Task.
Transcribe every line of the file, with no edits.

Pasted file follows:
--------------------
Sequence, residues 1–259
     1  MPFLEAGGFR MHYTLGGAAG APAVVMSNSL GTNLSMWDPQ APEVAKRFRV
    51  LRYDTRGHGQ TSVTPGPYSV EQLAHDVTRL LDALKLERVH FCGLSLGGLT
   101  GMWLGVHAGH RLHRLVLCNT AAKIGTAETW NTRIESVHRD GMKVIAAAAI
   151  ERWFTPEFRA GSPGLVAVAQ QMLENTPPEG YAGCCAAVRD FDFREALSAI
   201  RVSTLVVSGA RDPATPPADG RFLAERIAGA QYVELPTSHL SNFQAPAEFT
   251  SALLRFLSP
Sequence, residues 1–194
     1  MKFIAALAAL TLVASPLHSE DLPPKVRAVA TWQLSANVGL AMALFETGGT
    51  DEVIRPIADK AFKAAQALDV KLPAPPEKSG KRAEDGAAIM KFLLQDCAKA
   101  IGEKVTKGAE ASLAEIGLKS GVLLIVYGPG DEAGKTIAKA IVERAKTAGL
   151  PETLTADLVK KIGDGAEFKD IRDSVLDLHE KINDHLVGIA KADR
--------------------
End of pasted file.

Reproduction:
Sequence, residues 1–259
     1  MPFLEAGGFR MHYTLGGAAG APAVVMSNSL GTNLSMWDPQ APEVAKRFRV
    51  LRYDTRGHGQ TSVTPGPYSV EQLAHDVTRL LDALKLERVH FCGLSLGGLT
   101  GMWLGVHAGH RLHRLVLCNT AAKIGTAETW NTRIESVHRD GMKVIAAAAI
   151  ERWFTPEFRA GSPGLVAVAQ QMLENTPPEG YAGCCAAVRD FDFREALSAI
   201  RVSTLVVSGA RDPATPPADG RFLAERIAGA QYVELPTSHL SNFQAPAEFT
   251  SALLRFLSP
Sequence, residues 1–194
     1  MKFIAALAAL TLVASPLHSE DLPPKVRAVA TWQLSANVGL AMALFETGGT
    51  DEVIRPIADK AFKAAQALDV KLPAPPEKSG KRAEDGAAIM KFLLQDCAKA
   101  IGEKVTKGAE ASLAEIGLKS GVLLIVYGPG DEAGKTIAKA IVERAKTAGL
   151  PETLTADLVK KIGDGAEFKD IRDSVLDLHE KINDHLVGIA KADR